Of course paper was kept to a minimum, open admission a rarity. When mentioned in public, usually an accidental slip of the tongue. Still, the German people knew, Europe knew. And, yes, so did the allies. And in their silence, in their failure to act, all mentioned were complicit. And this complicity continues today, a “conspiracy of silence” evidenced in our denial of the true meaning of the facts.

In your lectures you minimize, it seems to me, even justify inaction by the US and England, Roosevelt and Churchill. You make passing reference to when and how our leaders learned the facts, justify, to my ears, their reasons for disbelieving, for too late accepting their significance of those facts. Yet according to the historical record, the facts of the German persecution and its eventual lethal consequence were available and known to these countries and their leaders as they unfolded, from the ascent of Hitler until the world passivity allowed the opening of Auschwitz. You refer to the US and England as carrying the greatest burden in accepting refugees between Kristalnacht and the occupation of Austria. But you fail to indicate the paltry numbers of refugees they allowed in, numbers, at least in the United States, well below that allowable by law! You make only passing reference to the climate of antisemitism, particularly in the United States, of the time, a parallel to the that occurring in Germany and Europe which resulted in the Holocaust; you entirely overlook such American contributors to the Holocaust as American eugenics, the basis of German racial antisemitism; of Hitler’s idol, Henry Ford, first in providing the model of mechanization and efficiency necessary for successful mass murder, and also for providing the German army Ford vehicles with which to conduct its war on the Jews, and also against the allies; of IBM in providing the computers needed to trace Jewish lineage back to a single grandparent, then to pinpoint their location for purposes of collection and elimination.

And perhaps most problematic from my viewpoint is your near total absence of reference to the prominence of Christianity as precursor, as contributor to both the theory and practice of antisemitism; to the participation of Christendom as perpetrator in finally solving its Jewish Problem. Not that you entirely overlook Christianity’s role as pre-history, but you gloss over it, give it scant mention, even seem to dismiss its significance. Certainly, you aver, people hated the Jews in the past, and yes there were instances of murder, even on a mass scale; you acknowledge proto-antisemitic ideologies existed among Christian leaders, even references to Jews as bacilli, as being distinguishable due to their “bad blood.” But where else but the Church and the emergent Christian sects, where but Christianity’s revolutionary and secular transformation during the so-called Enlightenment discover the source of a truly lethal antisemitism. A novel event, an event owing its existence to the new emphasis on science and logic; an event separate from the Christian animus which gave it birth? How avoid the fact that antisemitism is the successor to Christian anti-Judaism? And for what purpose study the Jewish Holocaust and its sources if not to confront directly the possibility (likelihood, in my judgment) of the next such lethal antisemitic event? Your preface and conclusions point at the need to confront continuing holocausts in the world, a worthy intention. But what of your responsibility to our selves, to our people continuing to subject our selves and our children to the dangers so ably described in your lectures. Does your conclusion, the universalizing of the horror, serve as warning for us? After all, you undertook to contribute to an understanding of a specifically Jewish victimization at the hands of a community among whom we continue to reside. Have you nothing to offer us?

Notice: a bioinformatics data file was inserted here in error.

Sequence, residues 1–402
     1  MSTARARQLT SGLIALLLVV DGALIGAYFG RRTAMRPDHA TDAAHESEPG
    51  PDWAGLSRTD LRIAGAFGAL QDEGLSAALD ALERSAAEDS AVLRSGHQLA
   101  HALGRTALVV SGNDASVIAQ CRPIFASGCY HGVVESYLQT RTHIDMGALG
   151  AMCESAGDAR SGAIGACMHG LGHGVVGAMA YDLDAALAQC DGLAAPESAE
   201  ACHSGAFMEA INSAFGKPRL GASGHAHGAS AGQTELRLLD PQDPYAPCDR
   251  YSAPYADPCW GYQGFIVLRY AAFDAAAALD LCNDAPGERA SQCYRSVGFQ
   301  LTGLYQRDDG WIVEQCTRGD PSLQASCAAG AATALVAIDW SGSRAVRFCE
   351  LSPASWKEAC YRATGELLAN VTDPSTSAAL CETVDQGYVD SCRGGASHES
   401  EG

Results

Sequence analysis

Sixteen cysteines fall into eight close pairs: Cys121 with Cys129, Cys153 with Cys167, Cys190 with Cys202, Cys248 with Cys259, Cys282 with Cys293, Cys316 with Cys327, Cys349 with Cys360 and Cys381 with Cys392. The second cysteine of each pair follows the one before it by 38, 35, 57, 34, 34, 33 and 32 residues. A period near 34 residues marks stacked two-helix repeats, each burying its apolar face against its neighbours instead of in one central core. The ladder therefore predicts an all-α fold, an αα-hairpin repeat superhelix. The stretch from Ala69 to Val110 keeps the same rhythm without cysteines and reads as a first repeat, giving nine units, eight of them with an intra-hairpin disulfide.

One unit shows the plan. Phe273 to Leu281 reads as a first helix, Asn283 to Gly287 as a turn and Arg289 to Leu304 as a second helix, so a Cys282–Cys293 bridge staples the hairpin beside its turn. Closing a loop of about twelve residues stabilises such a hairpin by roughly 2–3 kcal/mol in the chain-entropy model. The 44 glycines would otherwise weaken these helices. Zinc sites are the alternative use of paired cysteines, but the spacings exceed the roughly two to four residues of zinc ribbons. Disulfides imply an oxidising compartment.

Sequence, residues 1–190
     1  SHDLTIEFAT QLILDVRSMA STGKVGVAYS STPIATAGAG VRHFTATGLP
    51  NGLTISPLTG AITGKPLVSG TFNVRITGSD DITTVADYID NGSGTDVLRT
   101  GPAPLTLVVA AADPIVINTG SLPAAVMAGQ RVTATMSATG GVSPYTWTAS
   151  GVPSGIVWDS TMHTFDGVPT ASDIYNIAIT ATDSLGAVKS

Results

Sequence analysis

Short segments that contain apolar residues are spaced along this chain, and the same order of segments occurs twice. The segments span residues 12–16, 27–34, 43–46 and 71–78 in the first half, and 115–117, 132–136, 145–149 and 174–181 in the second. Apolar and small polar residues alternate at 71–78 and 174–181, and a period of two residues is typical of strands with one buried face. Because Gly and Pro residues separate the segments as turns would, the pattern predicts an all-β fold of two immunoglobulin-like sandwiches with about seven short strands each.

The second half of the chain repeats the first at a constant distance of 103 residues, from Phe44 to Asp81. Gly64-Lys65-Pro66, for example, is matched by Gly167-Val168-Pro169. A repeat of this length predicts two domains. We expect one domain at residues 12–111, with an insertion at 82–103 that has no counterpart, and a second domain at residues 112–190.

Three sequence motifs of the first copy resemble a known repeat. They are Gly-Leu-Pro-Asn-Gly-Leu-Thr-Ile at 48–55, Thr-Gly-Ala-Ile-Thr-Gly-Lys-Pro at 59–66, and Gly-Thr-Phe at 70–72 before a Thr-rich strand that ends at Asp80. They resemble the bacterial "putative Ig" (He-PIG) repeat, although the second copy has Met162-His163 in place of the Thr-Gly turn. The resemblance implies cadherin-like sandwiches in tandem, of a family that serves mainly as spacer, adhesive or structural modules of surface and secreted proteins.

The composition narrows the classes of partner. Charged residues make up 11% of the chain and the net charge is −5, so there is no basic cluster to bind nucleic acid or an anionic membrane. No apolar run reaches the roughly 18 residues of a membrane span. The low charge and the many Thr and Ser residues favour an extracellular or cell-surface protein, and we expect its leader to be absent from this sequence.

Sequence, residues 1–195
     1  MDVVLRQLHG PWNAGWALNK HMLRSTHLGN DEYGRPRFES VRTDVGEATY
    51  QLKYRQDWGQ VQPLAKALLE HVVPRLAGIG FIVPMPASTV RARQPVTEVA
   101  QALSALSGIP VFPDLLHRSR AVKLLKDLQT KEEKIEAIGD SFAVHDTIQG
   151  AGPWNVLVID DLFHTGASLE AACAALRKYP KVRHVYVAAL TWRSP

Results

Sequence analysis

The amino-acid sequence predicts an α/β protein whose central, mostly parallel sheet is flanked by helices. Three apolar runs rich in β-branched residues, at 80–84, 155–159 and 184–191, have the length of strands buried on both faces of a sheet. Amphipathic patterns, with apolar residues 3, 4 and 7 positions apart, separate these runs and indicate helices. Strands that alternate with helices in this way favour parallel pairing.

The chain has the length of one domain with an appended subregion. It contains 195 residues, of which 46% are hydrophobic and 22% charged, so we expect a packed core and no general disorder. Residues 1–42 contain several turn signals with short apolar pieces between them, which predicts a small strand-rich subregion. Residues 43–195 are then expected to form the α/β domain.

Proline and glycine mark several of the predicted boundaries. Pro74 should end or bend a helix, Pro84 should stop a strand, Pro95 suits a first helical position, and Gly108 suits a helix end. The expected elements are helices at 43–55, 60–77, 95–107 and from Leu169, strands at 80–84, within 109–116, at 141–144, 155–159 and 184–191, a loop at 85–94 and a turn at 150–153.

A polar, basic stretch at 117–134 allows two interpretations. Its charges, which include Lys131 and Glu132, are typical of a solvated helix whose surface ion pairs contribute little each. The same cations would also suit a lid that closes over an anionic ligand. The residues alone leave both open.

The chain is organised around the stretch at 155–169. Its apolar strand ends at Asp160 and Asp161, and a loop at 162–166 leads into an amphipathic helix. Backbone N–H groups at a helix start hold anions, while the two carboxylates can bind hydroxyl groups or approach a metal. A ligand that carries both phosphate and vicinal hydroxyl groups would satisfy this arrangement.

We who choose life in Diaspora defend our homeland as exceptional, seek to excuse our country and leaders passive complicity six decades ago in our murder. But then, barely eighty years ago and pre-Hitler most German Jews insisted that THEIR fatherland was the exception. You are a Jew, a historian of the Holocaust. You have lived and taught in Israel. I suspect that nothing I have written is new or novel, nothing not previously considered, and dismissed. From you I have learned an important lesson regarding History, that it is the marshalling of facts subject to interpretation. History is not fact but story, objectivity impossible. Each of us is free to interpret it, according to our personal understanding or agenda, Objectivity nothing but temporary and transient consensus.

Still an admirer, I am,


David Turner

No comments: